San Francisco is known in California as a city proud of its large Asian population. Many residents were thrilled when Mayor Ed Lee became The City’s first Chinese-American mayor elected into office.
But not everyone is happy about the influence of Chinese culture. Count Dayle Smith, USF’s former associate dean at the Undergraduate School of Management, among them.
Smith resigned her post recently, taking a harsh stab at the school’s fierce recruitment of Chinese students for reasons USF officials cite as an effort to diversify the campus.
This firestorm is not just rooted in the fact that 781 students of the 10,017 students at USF are Chinese nationals. Smith was apparently fed up with the poor English skills of some who were admitted.
According to the Chron, some students required English-to-Mandarin headsets in order to understand what was being said during lecture.
Those who were admitted are paying $36,000 in tuition annually — the same as American students.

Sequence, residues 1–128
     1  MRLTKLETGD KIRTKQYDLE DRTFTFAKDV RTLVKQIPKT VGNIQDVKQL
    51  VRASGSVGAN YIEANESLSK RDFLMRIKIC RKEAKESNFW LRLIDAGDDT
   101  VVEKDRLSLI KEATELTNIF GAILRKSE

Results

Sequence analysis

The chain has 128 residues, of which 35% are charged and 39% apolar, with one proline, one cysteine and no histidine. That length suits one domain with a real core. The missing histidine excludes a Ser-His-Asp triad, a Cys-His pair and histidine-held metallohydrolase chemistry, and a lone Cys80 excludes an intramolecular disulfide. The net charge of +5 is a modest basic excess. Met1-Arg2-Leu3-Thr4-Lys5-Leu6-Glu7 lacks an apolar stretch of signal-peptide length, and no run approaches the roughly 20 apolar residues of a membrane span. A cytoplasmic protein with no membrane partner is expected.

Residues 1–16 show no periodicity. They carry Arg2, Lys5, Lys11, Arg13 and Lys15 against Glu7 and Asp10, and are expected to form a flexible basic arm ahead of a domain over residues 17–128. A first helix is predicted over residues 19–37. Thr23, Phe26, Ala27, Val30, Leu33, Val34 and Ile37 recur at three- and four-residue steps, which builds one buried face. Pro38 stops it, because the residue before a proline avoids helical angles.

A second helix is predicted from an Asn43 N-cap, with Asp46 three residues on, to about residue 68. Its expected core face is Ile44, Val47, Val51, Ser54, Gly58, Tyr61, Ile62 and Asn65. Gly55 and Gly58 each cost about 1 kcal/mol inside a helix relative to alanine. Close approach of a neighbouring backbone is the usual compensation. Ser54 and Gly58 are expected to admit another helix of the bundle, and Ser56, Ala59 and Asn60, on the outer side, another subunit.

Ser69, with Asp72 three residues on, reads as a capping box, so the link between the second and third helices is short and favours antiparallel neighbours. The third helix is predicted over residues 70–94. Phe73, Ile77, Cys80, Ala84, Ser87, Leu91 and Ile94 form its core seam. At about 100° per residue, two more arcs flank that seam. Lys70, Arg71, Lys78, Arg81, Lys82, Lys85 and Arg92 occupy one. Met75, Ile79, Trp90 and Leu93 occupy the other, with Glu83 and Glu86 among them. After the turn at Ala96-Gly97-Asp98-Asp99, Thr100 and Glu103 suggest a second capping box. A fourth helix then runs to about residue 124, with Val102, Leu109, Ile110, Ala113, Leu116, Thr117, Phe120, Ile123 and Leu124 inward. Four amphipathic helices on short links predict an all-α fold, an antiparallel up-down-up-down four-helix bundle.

Business dean Mike Webber said in a Sept. 8 letter to staff announcing Smith’s departure that the increase in foreign students is not inherently a problem, though it does create a need for change:
“Given that so many of these students have weak English skills and are disproportionately from one country, we are going to be faced with some unique pedagogical and cultural challenges.”
USF Provost Jennifer Turpin told the Chron that the dispute started over how far the university should go to accommodate Chinese students.
Webber said in his letter that Smith believed that the university’s current methods of coping would “dilute the educational experience for all.”
Smith remains at USF as a professor. She has not commented on the incident.